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Subject: RE: 440hz? 432hz?
From: Will Fly
Date: 04 Mar 15 - 03:38 AM

Ebbie - I forgot to mention the story of Sir Thomas Beecham, the famous conductor - knonw as "Tommy" - who was preparing the orchestra at a rehearsal, and who asked the oboe player to give the orchestra an A to tune to. After the note was played, Tommy turned to the orchestra and said, "Gentlemen - take your pick".


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Subject: RE: 440hz? 432hz?
From: Mr Red
Date: 04 Mar 15 - 04:01 AM

440 is the way we all work together.
I would like to see the reasoning for a number like 432, the references that Wiki comes up with are:
Verdi tuning, where middle C is 256. a very good binary number and one assumes there is implied sympathy with Octaves being a factor of 2. But is everyones' ear tuned to the same perfect pitch? I doubt it.
Pythagorean tuning which only mentions 432 as an example if D is 288 but why?
Wiki search for "music 432" which throws up a lot of weird associations, political etc.

And FWIW soloists like Nigel Kennedy traditionally play a tad sharper than the orchestra because it makes them sound brighter, or did I mean egoists?

on Wiki on Concert Pitch there would appear to be a measure of agreement around the world - ish. One might say "one more Hz no-one!.



I'll get my coat


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Subject: RE: 440hz? 432hz?
From: G-Force
Date: 04 Mar 15 - 04:14 AM

Well I don't know about you but I quite like the sound of music slightly out of tune.

If someone is playing my concertina, I can always tell what key they're playing in by the way it 'howls'. Beautiful.


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Subject: RE: 440hz? 432hz?
From: Jack Campin
Date: 04 Mar 15 - 05:03 AM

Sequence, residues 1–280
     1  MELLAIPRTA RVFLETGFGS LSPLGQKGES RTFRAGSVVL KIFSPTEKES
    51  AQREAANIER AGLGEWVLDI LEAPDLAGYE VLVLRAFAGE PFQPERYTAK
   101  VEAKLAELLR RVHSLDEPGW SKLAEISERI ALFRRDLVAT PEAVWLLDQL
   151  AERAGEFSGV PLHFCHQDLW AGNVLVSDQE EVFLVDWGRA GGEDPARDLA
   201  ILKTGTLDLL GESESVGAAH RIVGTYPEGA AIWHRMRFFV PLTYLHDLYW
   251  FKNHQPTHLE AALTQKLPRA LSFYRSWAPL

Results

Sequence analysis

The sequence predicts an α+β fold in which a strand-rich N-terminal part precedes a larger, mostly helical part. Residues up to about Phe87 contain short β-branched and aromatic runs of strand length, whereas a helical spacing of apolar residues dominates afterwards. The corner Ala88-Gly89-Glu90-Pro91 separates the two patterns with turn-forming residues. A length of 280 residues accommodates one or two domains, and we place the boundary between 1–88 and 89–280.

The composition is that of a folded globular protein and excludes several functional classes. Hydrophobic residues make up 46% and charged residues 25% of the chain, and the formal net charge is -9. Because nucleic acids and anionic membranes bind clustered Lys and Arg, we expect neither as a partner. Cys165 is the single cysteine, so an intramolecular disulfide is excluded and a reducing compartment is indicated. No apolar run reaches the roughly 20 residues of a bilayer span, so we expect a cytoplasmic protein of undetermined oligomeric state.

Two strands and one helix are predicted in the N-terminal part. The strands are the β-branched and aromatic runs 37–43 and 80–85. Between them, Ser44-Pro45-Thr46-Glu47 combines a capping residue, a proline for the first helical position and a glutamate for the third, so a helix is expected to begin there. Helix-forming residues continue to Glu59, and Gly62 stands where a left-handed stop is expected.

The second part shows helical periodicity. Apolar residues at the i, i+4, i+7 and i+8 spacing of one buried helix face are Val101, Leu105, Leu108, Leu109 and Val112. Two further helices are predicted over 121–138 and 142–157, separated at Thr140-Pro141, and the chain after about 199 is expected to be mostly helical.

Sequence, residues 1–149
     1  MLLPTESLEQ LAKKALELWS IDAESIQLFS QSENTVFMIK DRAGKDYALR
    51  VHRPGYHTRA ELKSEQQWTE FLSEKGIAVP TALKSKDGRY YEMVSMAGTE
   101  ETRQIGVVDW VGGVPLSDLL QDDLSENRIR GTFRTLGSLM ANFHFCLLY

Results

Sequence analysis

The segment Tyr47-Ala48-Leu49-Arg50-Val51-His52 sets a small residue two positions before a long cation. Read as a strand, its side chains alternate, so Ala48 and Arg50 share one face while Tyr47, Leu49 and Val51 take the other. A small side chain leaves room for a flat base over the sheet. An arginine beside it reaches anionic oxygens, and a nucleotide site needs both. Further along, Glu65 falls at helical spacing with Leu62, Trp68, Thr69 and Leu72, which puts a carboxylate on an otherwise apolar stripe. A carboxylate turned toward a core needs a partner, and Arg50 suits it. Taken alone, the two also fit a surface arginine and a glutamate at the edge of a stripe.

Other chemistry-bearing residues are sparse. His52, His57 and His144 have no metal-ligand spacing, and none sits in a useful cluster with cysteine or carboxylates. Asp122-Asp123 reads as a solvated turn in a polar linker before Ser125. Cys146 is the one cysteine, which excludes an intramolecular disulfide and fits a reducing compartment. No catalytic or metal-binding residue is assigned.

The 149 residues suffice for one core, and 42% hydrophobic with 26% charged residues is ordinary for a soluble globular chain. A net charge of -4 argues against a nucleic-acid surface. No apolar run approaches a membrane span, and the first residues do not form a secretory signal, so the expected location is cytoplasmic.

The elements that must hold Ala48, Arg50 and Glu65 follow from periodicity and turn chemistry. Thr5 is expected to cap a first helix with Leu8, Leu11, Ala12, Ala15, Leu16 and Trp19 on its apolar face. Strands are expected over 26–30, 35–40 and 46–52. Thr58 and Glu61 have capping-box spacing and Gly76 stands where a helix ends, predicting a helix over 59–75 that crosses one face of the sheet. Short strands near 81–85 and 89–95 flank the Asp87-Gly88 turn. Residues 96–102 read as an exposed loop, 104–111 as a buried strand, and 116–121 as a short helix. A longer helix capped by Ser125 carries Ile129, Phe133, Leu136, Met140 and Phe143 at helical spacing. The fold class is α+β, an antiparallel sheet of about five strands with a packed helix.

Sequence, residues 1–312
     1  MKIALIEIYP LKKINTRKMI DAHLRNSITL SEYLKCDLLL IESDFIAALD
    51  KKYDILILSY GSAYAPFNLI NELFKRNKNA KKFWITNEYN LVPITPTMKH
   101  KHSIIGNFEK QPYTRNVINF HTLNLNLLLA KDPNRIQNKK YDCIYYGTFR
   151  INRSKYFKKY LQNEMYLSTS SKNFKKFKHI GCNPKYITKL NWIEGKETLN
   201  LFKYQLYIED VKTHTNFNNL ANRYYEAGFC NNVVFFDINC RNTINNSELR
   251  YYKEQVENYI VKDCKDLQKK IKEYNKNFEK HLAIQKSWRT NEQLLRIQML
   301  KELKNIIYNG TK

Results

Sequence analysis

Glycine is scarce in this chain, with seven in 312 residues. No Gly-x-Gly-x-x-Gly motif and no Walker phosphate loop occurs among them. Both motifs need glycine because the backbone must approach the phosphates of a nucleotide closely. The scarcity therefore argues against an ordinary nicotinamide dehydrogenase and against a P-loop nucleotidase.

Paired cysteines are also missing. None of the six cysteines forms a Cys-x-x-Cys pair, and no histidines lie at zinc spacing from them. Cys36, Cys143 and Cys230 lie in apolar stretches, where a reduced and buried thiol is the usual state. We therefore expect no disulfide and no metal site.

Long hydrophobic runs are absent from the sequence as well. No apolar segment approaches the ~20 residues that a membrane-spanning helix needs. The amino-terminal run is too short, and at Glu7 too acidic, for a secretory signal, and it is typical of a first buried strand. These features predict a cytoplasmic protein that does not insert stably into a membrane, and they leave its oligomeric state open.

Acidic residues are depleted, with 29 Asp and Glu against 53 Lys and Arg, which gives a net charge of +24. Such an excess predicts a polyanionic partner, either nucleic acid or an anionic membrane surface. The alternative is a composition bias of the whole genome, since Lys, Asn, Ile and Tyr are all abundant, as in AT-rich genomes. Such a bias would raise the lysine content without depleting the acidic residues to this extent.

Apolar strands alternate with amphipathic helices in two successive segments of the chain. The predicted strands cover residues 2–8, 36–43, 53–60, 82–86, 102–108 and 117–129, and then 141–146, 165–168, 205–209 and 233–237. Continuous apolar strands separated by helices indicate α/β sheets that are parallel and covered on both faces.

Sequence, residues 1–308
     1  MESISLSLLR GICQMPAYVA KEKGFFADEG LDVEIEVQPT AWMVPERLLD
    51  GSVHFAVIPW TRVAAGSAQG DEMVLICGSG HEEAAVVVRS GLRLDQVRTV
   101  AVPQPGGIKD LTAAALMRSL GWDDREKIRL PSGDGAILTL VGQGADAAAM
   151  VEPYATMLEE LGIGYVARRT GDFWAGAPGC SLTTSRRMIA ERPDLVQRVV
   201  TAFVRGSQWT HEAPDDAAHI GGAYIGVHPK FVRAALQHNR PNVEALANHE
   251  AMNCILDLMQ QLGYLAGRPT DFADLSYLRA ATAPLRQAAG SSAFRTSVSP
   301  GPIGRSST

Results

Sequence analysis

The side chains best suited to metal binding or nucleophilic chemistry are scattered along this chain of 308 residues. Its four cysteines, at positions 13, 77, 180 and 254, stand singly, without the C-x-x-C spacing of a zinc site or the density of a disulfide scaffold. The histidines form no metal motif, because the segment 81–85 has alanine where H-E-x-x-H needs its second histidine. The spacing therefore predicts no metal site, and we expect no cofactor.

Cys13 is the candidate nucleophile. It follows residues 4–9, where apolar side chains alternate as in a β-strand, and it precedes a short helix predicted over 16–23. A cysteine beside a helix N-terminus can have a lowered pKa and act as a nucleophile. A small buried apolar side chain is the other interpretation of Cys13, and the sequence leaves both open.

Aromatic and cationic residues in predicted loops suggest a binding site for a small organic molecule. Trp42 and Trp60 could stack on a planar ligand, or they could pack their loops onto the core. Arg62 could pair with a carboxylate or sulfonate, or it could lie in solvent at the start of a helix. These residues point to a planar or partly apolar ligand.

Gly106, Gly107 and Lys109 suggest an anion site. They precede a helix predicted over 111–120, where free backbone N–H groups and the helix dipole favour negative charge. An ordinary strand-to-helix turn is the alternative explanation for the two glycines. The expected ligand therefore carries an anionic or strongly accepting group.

This is a good survey of what it's all about:

http://longform.org/stories/pitch-battles


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Subject: RE: 440hz? 432hz?
From: FreddyHeadey
Date: 04 Mar 15 - 08:02 AM

Good link Jack, though I couldn't get through all of it. I'm impressed that anyone can write so much on the subject!

Someone gives some examples here : 440 / 432 guitar clips


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Subject: RE: 440hz? 432hz?
From: GUEST
Date: 04 Mar 15 - 09:07 AM

Nikola Tesla felt that frequencies were very important. He said that electric current alternating at certain frequencies is deadly, while at other frequencies it's harmless; and he passed high voltage through his own body at the right frequency to demonstrate that.


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Subject: RE: 440hz? 432hz?
From: GUEST,leeneia
Date: 04 Mar 15 - 12:10 PM

I read a book by the famous flautist James Galway. He said that it is not true, even today, that A440 is a standard pitch. Orchestras are highest in Germany and lowest in the United States.

Pay no attention to that stuff about 432 being a healing tone constant in nature. It's 432 beats per second, and if mankind had made the length of a second longer or shorter than it is, then the number 432 would change.